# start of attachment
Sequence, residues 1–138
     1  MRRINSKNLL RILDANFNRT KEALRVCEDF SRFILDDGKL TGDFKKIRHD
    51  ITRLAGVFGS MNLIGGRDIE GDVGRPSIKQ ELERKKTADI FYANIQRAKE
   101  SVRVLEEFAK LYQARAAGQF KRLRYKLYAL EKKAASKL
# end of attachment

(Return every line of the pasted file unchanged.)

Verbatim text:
Sequence, residues 1–138
     1  MRRINSKNLL RILDANFNRT KEALRVCEDF SRFILDDGKL TGDFKKIRHD
    51  ITRLAGVFGS MNLIGGRDIE GDVGRPSIKQ ELERKKTADI FYANIQRAKE
   101  SVRVLEEFAK LYQARAAGQF KRLRYKLYAL EKKAASKL